Here's to the adventurers...

Five years ago London cycle courier Julian Sayarer completed the fastest cycle ride around the world, returning home after 165 days on the road.  23 years old when he set off on his ambitious unsupported ride, with just the packs strapped to his bike and his wits to get him through, Sayarer took the uncompromising approach that his journey was for no one but himself, even going so far as to call his blog of the trip This Is Not For Charity.  

In a world of charity rides, corporate team building adventures and big budget round the world record attempts tailgated by support cars and logistics crew, Sayarer's paired back low-budget endeavour stuck out as uncompromisingly principled.  And he is uncompromisingly principled; his writing is often filled with accounts of the injustices of the world which we all know to exist but we choose to ignore or feel helpless to address.  

Julian Sayarer roadside in China.

After a technical delay surrounding the veracity of his round the world claim and an uncomfortable spat with fellow round the world cyclist Mark Beaumont, Sayarer was even described as the 'Angry Young Man' of adventure cycling.

Beaumont has subsequently written a string of books about his cycling quests, and is now reporting for the BBC escorting the Queen's Baton as it relays around the world in advance of this summer's Commonwealth Games in Glasgow.

Sayarer has taken his time over how to present his adventure as he would wish.  His new book, Life Cycles is filled with the beauty of his round the world trip as well as the toughness of the journey and the unique challenges inherent in such a trip and is being published on June 2nd 2014, with a launch party at Look Mum No Hands on June 5th.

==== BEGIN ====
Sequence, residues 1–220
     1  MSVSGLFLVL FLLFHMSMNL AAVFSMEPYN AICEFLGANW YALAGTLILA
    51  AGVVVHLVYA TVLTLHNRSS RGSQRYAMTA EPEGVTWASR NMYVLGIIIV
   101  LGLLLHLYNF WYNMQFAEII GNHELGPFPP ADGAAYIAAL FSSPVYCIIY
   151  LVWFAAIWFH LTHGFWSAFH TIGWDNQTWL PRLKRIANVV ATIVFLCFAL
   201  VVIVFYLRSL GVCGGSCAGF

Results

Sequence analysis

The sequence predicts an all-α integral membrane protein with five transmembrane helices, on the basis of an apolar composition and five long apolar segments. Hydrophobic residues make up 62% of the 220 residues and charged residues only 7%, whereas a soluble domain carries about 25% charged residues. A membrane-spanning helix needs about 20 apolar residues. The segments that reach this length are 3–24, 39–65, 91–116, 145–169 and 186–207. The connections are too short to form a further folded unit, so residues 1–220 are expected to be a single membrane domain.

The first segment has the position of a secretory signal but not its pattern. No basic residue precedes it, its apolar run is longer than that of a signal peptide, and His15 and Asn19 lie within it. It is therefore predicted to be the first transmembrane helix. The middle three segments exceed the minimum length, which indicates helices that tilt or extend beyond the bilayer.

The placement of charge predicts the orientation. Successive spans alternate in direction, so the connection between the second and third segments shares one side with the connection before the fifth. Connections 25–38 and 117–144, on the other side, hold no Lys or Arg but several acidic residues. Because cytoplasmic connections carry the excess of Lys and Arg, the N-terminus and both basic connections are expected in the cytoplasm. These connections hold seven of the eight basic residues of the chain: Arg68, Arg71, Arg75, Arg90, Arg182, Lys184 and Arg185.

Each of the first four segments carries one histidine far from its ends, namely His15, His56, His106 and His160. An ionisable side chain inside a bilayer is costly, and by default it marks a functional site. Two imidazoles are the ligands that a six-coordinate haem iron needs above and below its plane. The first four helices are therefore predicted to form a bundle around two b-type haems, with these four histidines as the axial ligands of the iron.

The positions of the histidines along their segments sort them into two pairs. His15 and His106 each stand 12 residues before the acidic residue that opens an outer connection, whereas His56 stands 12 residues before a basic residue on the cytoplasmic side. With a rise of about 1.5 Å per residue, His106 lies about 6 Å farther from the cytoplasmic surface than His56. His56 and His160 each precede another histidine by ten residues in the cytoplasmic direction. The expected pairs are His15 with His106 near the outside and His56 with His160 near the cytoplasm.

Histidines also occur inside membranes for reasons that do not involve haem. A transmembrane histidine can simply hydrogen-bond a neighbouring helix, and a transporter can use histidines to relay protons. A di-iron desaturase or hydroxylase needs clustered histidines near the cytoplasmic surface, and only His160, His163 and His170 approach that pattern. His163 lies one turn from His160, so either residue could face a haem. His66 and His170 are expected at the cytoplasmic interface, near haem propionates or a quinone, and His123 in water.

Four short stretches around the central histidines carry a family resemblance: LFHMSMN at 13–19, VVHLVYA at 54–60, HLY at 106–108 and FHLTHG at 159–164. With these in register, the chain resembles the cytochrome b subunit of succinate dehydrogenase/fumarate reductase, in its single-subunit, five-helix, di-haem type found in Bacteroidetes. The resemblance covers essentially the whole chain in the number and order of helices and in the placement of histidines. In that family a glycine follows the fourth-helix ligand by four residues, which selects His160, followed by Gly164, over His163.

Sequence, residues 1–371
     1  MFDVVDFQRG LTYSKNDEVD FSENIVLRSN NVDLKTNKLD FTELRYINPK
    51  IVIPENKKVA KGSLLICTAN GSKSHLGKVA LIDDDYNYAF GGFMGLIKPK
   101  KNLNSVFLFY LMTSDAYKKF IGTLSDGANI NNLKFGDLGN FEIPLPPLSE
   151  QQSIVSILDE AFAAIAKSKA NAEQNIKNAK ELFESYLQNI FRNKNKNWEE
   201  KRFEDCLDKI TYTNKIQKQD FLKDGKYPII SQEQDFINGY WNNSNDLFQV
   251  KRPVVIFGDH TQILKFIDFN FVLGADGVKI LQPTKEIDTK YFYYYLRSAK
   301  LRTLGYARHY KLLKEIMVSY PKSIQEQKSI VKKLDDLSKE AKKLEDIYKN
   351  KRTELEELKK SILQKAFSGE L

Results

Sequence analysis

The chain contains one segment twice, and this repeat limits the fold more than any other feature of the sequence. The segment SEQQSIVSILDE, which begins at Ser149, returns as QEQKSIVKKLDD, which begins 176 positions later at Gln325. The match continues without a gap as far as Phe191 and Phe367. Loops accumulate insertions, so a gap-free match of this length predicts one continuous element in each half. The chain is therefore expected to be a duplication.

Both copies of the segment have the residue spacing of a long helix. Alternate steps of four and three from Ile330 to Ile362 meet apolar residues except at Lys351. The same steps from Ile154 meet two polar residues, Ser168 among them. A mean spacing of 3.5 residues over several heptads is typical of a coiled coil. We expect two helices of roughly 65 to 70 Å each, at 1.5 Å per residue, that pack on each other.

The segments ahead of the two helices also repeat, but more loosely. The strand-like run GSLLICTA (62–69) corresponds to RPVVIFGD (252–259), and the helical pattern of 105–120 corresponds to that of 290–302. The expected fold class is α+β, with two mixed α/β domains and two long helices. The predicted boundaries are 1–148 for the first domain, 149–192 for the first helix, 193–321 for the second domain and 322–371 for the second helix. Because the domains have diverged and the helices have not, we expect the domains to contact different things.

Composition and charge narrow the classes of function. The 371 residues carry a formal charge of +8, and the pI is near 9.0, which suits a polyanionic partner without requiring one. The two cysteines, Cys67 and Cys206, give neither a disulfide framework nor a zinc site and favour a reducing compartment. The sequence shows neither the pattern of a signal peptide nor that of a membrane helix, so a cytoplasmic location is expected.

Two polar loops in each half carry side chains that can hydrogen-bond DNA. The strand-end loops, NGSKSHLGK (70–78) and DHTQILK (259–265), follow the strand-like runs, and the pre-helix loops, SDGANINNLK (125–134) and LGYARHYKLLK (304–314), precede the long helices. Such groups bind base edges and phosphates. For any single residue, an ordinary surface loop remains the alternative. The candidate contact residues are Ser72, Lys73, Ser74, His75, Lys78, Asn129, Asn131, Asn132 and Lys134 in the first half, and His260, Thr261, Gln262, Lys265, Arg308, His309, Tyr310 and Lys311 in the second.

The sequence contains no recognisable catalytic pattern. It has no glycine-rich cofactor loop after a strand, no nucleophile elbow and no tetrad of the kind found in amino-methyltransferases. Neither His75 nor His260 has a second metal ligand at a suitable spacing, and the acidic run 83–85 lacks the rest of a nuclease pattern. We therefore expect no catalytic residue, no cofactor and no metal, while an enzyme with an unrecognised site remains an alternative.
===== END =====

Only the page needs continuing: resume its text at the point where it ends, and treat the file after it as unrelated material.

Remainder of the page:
The forthcoming launch of Sayarer's book reminded me that another long distance cyclist, Tom Allen of Tom's Bike Trip and "Janapar" fame, is currently attempting to travel from one length of the country to the other with no budget at all, getting by on offers of food and accommodation in bartered return for work and help given along the way.  Tom's FreeLeJOG adventure has already taken him through Cornwall and Devon but as too many miles in the saddle alone is want to do, it has led to him worrying about the exact definition of his journey and how he'll be perceived if the terms of his adventure change along the way.

 Julian Sayarer admires the view having ridden his bike somewhere I never will.

I don't have the balls that Allen has to set off without even a credit card in my pocket, and I don't have the courage or the strength in my own convictions to do things as entirely my own way as Sayarer has.  Out on the road they might each analyse every turn of the wheel, but I would encourage them to live in the present and hope I can send them on their way in the knowledge that for those of us stuck behind desks and veneers of conformity, sharing in any kind of adventure is an adventure in itself for some.  So here's to the adventurers, says I, and sharing in their endeavours from the comfort of our arm chairs...

Tom Allen's account of his meandering attempt to ride the world, and what happens when love stopped him along the way, "Janapar" is out now.  Julian Sayarer's book Life Cycles launches on June 5th and will be available at all good book stores and is available now for pre-order on Amazon.

Share |


Anonymous said...

Mark, you should also mention Richard Evans, who is riding round the world on a recumbent at the moment, siggesting (he is not doing the ride for charioty) that donatios are made to RoadPeace. He (and his twitters) are on,

Dr Robert Davis

ibikelondon said...

Thanks for the tip off Dr Robert, I wasn't aware of Richard's journey but am now and am following his adventures via Twitter thanks to you.